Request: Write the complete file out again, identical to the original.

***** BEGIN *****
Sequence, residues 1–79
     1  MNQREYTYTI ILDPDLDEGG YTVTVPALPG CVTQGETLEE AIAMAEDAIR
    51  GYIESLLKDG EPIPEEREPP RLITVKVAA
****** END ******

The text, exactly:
Sequence, residues 1–79
     1  MNQREYTYTI ILDPDLDEGG YTVTVPALPG CVTQGETLEE AIAMAEDAIR
    51  GYIESLLKDG EPIPEEREPP RLITVKVAA